Question about ACHI

By Stick'o ram
Jul 1, 2009
  1. Okay, so I'm receiving the last part of my computer tomorrow (which means I finally get to put it all together yay!) and reading through the MB manual I'm unsure about what to set the southbridges SATA ports to. I will have the option of Legacy(PATA), ACHI or RAID. I will be using a SATA hard drive and optical. My question is which one should I use for the best performance?
  2. Rick

    Rick TechSpot Staff Posts: 4,573   +65

    RAID is the obvious choice for performance. You'll need to configure your drives to use it though (RAID requires more than one drive, which work together in tandem)

    AHCI enables SATA-specific features which can theoretically increase performance; however, it can actually slow down most of the drives out there. The reason is many SATA drives have been merely IDE drives with a SATA interface strapped to them. For hard drives that support the SATA-specific feature set, things like NCQ *may* improve performance, depending on how you use your computer.

    When all is said and done though, I can't imagine noticing the difference between IDE and AHCI. Even RAID 0 is tough to notice in normal computer use.
  3. Stick'o ram

    Stick'o ram TS Rookie Topic Starter Posts: 178

    Will Raid only work with one hard drive? I don't know if it matters but the hard drive will be a Caviar Black 1tb, I remember reading somewhere that ACHI might screw up your optical sata drive, although I'm not sure... so Raid is the right way to go?
  4. gguerra

    gguerra TS Maniac Posts: 317

    RAID by definition uses more than one drive. It's purpose is either improved performance, redundancy or both.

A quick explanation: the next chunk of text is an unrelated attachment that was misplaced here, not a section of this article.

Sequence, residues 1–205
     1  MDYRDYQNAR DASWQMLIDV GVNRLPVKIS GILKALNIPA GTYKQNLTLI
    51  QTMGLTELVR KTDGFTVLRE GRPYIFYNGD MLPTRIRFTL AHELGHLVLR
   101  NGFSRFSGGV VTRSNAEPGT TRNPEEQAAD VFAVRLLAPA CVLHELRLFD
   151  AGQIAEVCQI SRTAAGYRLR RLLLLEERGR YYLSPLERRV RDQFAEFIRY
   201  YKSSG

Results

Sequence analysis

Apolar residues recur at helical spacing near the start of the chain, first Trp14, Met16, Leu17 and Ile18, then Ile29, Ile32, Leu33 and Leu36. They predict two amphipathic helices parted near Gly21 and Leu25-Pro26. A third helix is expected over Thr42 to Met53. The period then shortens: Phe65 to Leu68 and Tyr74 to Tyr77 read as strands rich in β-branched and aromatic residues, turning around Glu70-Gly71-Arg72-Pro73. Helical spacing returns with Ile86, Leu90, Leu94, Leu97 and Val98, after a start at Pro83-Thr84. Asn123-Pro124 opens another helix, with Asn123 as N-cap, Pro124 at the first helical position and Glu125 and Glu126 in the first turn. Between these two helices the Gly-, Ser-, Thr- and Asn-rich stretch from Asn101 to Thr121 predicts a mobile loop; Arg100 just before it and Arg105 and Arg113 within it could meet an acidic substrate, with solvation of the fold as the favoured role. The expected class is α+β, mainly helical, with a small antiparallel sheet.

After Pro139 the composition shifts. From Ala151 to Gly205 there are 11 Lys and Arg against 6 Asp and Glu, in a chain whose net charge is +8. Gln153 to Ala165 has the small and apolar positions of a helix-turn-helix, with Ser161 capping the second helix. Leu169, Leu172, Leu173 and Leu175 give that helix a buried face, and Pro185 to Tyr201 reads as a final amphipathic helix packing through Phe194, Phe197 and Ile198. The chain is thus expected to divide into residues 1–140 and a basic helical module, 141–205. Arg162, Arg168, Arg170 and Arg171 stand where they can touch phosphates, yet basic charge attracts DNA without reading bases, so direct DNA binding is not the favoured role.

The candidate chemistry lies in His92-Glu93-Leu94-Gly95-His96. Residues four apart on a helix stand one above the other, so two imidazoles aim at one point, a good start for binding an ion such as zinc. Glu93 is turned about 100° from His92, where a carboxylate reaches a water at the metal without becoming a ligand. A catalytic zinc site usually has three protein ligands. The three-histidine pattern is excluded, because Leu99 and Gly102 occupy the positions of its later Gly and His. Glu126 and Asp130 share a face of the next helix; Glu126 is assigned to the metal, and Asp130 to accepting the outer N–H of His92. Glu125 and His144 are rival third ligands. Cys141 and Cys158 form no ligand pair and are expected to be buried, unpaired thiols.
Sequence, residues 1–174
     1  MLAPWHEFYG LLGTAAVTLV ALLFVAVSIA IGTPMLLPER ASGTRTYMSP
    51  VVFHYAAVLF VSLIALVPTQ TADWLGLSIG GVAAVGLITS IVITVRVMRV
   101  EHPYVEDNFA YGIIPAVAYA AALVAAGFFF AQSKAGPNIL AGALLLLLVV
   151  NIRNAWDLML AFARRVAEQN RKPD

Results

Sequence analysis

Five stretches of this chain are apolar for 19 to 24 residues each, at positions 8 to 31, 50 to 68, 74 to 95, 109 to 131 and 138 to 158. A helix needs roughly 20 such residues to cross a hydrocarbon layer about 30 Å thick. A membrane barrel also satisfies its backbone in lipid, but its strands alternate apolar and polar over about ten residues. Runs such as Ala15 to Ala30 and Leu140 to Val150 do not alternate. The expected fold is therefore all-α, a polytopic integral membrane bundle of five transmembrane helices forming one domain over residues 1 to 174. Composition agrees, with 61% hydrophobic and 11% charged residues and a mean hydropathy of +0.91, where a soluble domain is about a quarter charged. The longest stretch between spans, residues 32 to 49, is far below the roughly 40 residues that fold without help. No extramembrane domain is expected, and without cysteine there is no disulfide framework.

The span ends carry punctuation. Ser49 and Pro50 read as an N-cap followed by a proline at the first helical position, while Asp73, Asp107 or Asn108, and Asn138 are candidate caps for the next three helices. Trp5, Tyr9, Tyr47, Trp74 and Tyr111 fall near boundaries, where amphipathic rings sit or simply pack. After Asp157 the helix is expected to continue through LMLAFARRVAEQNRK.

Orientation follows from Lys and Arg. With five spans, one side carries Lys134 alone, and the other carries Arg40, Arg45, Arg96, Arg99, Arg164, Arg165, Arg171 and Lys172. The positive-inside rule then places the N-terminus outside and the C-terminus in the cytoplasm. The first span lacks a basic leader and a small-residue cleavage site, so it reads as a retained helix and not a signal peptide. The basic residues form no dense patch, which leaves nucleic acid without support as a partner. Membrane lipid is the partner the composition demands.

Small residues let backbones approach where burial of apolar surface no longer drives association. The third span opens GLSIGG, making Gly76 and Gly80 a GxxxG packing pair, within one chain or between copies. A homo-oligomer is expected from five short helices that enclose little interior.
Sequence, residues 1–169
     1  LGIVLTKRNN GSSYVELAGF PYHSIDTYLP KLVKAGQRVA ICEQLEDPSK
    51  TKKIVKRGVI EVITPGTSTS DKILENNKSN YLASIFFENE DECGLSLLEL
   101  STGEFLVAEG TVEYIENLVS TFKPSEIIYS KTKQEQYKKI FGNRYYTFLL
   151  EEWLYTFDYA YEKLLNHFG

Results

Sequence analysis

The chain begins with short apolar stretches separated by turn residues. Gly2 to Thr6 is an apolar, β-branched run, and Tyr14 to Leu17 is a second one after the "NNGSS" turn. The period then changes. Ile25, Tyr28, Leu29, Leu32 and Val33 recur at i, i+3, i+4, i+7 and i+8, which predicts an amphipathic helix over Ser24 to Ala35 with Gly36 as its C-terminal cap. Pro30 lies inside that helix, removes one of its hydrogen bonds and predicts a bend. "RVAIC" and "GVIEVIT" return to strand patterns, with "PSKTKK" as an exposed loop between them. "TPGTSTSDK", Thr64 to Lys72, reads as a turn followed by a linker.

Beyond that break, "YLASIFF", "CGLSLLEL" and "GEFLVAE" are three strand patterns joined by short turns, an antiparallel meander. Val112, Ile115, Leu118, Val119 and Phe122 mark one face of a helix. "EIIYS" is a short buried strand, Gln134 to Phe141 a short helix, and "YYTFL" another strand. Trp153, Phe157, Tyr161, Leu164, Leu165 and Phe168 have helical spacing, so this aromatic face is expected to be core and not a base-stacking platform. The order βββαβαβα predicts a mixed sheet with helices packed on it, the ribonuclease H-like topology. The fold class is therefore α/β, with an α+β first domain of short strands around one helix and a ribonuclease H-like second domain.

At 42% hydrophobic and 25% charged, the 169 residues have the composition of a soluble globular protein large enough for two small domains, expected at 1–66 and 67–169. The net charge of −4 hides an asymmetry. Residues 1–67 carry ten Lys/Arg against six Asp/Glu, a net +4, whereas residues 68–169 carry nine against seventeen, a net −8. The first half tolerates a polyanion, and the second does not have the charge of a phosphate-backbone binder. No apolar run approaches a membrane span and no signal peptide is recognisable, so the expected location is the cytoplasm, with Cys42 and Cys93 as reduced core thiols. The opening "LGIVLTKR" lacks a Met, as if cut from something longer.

5. Stick'o ram

    Stick'o ram TS Rookie Topic Starter Posts: 178

    So I can use just one drive on raid?
  6. Rick

    Rick TechSpot Staff Posts: 4,573   +65

    The answer for your purposes is no.

    *Technically*, you can use one drive on a RAID controller, but there's really no benefit because it isn't actually a RAID. RAID = Redundant Array of Inexpensive Disks. To have an 'array' of anything, as you probably know, means you need more than one.

    The reason RAID can be faster is that it will combine the performance of two or more drives. This array of drives share the work load and appear as only a single to the operating system (Windows). You'll commonly see RAID 0 used by performance-drive PC enthusiasts, since it is the fastest type of RAID.

    Here's a relatively clear explanation:
  7. jobeard

    jobeard TS Ambassador Posts: 9,156   +598

    raid-0 is the performance option and raid-1 the mirrored option.

    however, even Microsoft does not recommend Raid for the boot disk.

    Raid is intended for server system, not home use, client systems.
  8. Rick

    Rick TechSpot Staff Posts: 4,573   +65

    Microsoft also states they only reason they don't recommend RAID for system disks is increased data recovery complexity.

    Aside from that, there is no argument against it except mediocre performance gains for multiples of cost.
  9. jobeard

    jobeard TS Ambassador Posts: 9,156   +598

    I agree totally on both points, but that complexity is often fatal as proper backups are seldomly performed.
  10. Rick

    Rick TechSpot Staff Posts: 4,573   +65

    Quoted for truth... Sad but true. :(
Topic Status:
Not open for further replies.

Similar Topics

Add New Comment

You need to be a member to leave a comment. Join thousands of tech enthusiasts and participate.
TechSpot Account You may also...